Forest fire spreads to 1500 acres in Cumblerland County during Red Flag Warning

DOWNE TOWNSHIP, N.J. - April 24, 2014

As of Thursday morning, officials said about 1500 acres have been consumed in a remote area of the Edward G. Bevan Fish and Wildlife Management Area.

Environmental Protection Department spokesman Larry Hanja told The Press of Atlantic City the fire was 55 percent contained as of 8 a.m. Thursday and was expected to burn itself out.

So far, no structures have been threatened. No injuries have been reported.

The fire began shortly before 3 p.m. Wednesday. Fueled by strong winds, it is estimated to consume at least 1,500 acres.

Environmental Protection Department spokesman Larry Hanja tells The Press of Atlantic City ( ) the fire was 55 percent contained as of 8 a.m. Thursday and is expected to burn itself out.

The fire has not threatened any homes and no injuries have been reported.

At least 50 firefighters were battling the blaze, which started before 3:00 p.m. Wednesday as a Red Flag warning went into effect in New Jersey.

Firefighters said the fire apparently began on the north side of Ackley Road in Downe Township and eventually crossed to the south side.

Sam Moore from the New Jersey Forest Fire Service explained, "The Red Flag Warning is very serious. The slightest little spark or ember or any kind of hot source could ignite a catastrophic wildfire."

Moore, a section warden with the forest fire service, was on patrol Wednesday, one of several 2-man brush trucks roaming through the pinelands on alert during the Red Flag Warning.

Manning the observation tower eight stories above ground in Woodland Township was Ralph Wallen, who is constantly scanning the skies looking for fires.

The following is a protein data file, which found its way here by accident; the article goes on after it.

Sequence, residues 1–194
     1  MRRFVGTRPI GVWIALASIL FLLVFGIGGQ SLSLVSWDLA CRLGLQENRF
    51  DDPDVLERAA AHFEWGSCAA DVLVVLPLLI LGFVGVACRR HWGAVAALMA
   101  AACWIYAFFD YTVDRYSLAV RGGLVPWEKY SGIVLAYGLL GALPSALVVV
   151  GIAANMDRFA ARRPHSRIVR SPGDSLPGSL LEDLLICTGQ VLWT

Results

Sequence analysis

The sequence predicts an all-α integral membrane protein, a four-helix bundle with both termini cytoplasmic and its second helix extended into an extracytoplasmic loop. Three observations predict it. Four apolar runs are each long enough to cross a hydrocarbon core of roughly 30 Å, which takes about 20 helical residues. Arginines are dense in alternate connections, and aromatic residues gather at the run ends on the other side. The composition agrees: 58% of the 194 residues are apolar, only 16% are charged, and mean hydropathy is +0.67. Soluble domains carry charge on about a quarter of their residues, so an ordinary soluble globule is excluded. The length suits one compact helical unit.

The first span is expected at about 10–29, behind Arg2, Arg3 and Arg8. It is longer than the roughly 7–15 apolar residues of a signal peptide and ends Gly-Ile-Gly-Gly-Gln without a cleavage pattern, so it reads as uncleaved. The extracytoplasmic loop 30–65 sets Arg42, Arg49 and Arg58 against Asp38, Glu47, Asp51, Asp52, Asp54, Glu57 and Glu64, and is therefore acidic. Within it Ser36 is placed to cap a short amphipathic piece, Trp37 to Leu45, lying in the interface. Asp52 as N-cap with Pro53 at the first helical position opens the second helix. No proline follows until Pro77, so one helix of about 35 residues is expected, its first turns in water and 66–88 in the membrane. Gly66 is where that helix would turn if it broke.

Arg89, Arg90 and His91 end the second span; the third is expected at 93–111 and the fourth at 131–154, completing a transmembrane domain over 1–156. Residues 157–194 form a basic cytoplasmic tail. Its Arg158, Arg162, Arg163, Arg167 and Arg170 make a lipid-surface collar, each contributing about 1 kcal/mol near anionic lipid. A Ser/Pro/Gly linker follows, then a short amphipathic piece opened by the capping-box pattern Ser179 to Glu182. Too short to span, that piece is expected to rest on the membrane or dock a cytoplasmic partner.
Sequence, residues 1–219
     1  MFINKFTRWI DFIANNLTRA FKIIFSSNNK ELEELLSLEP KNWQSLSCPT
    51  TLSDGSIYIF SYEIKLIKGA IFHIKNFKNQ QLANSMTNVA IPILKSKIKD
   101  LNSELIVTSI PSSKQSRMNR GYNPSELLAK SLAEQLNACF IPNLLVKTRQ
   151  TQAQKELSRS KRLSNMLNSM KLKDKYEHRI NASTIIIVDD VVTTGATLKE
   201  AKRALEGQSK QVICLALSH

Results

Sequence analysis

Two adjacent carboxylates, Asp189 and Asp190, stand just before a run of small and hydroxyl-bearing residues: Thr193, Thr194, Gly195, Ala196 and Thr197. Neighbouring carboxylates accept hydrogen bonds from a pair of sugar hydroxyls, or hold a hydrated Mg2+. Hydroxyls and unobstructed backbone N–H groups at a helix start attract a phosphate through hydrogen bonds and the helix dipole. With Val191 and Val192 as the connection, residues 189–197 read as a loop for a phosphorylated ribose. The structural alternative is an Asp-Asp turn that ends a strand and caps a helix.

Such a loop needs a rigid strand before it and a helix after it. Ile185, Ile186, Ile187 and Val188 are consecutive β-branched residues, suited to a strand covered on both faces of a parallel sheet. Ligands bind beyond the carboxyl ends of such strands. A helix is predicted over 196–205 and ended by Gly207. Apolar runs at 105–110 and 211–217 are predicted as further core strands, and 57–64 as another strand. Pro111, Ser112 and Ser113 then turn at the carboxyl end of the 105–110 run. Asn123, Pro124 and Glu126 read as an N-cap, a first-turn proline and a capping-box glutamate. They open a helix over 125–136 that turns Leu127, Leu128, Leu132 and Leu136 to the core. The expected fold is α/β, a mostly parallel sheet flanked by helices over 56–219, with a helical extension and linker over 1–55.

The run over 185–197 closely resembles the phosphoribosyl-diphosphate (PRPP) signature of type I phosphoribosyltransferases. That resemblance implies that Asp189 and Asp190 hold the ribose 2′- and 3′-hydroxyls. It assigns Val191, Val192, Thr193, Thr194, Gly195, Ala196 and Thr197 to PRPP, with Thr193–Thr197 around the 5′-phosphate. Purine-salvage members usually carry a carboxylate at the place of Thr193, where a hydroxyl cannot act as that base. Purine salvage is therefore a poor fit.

Wallen told Action News, "You see a little puff of white smoke coming up and then we use this thing and get a compass reading on it."

The wind is fierce up on the tower at times making the danger clear. If a fire gets started, the wind will take it and move it like a freight train.

Section Fire Warden Tom Gerber said the wind "just has a ladder-like effect. It'll make these flame heights 50 to 60 feet high flame heights.... The conditions are as bad as they get."

The combination of strong winds, low humidity, and the abundance of dry leaves and branches that carpet the forest floor are what's creating the extreme fire danger. Similar conditions helped fuel a 2,000 acre blaze on April 6 and another in Salem, N.J. last weekend.

Fire officials are urging people to be cautious.

"We are limiting a lot of the agricultural burning and the campfires in campgrounds of state parks. Smokers please use your ashtray," Section Fire Warden Shawn Judy said.

Rosemarie Mason from the Outdoor Club of South Jersey says, "We usually have a big picnic with hamburgers and hotdogs, but because of fire regulations and what's going on with the weather we are going to have sandwiches instead."

The Associated Press contributed to this report.

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